Rapid Provisioning of Virtual Machines Using SAN Copy Overview
Updated: May 13, 2016
Applies To: System Center 2012 SP1 - Virtual Machine Manager, System Center 2012 R2 Virtual Machine Manager, System Center 2012 - Virtual Machine Manager
Rapid provisioning provides a method for deploying new virtual machines to storage arrays without the requirement for copying virtual machines over the network. Virtual Machine Manager (VMM) enables you to take advantage of your storage area network (SAN) infrastructure for cloning virtual machines, and use a VM template to customize the guest operating system. You can use rapid provisioning to deploy stand-alone virtual machines and virtual machines that are deployed as part of a service.
Rapid provisioning through SAN copy enables you to quickly create virtual machines from a SAN copy-capable template. You can create a SAN copy-capable template from a virtual hard disk that resides on a storage logical unit that supports SAN copy through cloning or snapshots. When you create a new virtual machine by using the SAN copy-capable template, VMM quickly creates a read-write copy of the logical unit that contains the virtual hard disk, and places the virtual machine files on the new logical unit.
When VMM deploys a virtual machine by using rapid provisioning through SAN copy, VMM uses a SAN transfer instead of a network transfer. During a SAN transfer, a SAN copy of the logical unit that contains the virtual machine is created and is assigned to the destination host or host cluster. Because the files for a virtual machine are not actually moved over the network when you transfer a virtual machine over a SAN, it is much faster than a transfer over a standard network.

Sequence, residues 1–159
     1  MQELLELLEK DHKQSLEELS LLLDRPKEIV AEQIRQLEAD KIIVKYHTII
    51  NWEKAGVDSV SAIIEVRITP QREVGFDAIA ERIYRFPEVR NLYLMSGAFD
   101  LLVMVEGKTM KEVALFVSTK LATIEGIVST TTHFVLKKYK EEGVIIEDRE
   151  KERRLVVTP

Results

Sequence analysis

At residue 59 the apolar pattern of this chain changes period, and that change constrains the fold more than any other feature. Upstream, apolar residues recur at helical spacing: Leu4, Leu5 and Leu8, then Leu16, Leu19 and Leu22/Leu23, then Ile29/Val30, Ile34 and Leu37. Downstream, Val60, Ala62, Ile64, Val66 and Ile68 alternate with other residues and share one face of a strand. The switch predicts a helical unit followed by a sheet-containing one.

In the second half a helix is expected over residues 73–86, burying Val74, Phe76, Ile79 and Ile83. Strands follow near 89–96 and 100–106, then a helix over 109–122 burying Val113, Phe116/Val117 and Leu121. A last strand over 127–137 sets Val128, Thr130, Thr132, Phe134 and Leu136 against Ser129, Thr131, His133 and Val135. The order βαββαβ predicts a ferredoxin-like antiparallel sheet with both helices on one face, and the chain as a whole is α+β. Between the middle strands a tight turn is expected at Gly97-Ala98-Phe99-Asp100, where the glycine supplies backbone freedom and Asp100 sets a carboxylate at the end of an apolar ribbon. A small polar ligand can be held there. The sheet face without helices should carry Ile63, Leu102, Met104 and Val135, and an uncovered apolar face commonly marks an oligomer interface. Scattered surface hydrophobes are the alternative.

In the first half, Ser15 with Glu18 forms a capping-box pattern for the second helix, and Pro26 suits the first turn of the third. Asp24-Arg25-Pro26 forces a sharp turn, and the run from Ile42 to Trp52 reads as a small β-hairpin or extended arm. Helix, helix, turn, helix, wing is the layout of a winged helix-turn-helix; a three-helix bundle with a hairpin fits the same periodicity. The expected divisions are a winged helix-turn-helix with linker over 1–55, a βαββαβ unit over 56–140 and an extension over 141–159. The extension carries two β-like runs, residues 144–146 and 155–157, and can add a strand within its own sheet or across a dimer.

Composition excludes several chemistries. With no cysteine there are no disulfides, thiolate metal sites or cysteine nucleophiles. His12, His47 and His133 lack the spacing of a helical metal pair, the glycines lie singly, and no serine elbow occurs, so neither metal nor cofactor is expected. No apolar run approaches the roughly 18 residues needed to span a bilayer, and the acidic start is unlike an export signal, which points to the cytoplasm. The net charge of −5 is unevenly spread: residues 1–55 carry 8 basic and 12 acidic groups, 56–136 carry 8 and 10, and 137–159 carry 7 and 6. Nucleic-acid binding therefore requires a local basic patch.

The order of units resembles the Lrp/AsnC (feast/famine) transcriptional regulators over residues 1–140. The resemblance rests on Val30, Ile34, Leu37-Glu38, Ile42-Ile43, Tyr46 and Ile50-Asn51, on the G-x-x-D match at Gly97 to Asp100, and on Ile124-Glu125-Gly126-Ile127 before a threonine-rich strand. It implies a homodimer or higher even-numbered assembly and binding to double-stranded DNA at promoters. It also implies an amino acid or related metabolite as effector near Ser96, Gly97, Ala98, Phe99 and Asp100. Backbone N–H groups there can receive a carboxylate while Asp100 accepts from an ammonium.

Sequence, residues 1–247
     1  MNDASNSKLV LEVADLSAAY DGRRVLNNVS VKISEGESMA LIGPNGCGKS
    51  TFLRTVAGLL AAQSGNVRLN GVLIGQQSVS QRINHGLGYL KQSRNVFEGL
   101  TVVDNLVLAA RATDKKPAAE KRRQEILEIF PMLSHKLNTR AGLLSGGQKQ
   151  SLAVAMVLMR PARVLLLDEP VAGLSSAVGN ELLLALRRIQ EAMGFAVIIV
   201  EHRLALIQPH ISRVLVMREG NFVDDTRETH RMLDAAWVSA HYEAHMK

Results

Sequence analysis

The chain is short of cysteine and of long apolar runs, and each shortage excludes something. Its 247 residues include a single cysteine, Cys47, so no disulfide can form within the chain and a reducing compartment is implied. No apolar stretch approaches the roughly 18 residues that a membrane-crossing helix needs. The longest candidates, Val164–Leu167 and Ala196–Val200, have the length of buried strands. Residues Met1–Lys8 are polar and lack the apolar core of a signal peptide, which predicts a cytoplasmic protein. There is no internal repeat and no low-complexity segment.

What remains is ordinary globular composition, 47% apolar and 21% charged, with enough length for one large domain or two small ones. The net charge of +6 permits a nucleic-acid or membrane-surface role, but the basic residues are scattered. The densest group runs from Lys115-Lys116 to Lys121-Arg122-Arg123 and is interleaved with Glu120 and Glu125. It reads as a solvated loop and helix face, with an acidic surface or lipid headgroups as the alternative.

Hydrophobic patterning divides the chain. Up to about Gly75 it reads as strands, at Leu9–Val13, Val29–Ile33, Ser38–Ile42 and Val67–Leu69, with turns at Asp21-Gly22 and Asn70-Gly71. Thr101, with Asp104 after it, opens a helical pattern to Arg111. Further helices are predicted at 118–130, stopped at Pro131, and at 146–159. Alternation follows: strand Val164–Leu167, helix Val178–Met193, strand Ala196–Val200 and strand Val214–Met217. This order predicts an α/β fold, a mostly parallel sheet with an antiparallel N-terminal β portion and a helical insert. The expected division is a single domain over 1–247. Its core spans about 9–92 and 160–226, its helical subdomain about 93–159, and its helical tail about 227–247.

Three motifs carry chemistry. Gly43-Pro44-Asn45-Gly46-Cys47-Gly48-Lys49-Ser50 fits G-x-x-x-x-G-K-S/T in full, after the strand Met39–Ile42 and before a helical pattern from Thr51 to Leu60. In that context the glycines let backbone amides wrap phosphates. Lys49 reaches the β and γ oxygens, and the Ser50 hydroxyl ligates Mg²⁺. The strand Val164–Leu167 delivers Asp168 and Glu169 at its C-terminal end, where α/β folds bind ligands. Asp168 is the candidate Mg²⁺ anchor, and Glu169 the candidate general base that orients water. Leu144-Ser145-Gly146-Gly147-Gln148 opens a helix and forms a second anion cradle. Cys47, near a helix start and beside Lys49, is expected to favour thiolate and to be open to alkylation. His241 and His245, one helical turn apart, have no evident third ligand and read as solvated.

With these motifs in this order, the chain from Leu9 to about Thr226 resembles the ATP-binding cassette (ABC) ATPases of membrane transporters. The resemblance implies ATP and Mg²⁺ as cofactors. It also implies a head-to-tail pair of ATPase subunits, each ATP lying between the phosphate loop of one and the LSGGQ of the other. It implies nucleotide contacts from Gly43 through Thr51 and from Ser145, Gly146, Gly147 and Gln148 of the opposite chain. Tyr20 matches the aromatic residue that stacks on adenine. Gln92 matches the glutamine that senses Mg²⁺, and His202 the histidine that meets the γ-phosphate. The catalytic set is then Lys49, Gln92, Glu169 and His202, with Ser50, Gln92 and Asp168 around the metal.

Any storage that is accessible by the provisioned computer may be partitioned during the provisioning process even if a specific disk is selected to be used as the operating system disk. In this case data will be lost. To guarantee the use of a specific boot volume, use deep discovery and do not restart the computer before the deployment of the operating system completes.
You can use either of the following methods to create a SAN copy-capable template.
The outlined methods provide a high-level overview of the workflow, and assume that the prerequisites are met. Links to more detailed procedures for each method are provided. The prerequisites are described in Prerequisites for rapid provisioning using SAN copy, later in this topic.
From a storage pool that is managed by VMM and allocated to the host group where the target host resides, create and assign a storage logical unit to the host.
You can also use your storage array vendor’s management tools to create and assign the logical unit.
Create a virtual machine with a blank virtual hard disk file on the logical unit.
Install and customize the guest operating system and the applications that you want. Generalize the image by using Sysprep.exe with the /generalize and the /oobe options to generalize the associated virtual hard disk. For more information about Sysprep, see Sysprep Command-Line Options.
Use the Create VM Template Wizard to create a SAN-copy capable template from the virtual machine.
When you create the template, VMM transfers the logical unit that includes the virtual hard disk file from the host to the library through a SAN transfer. The library indexes the virtual hard disk file during the next refresh.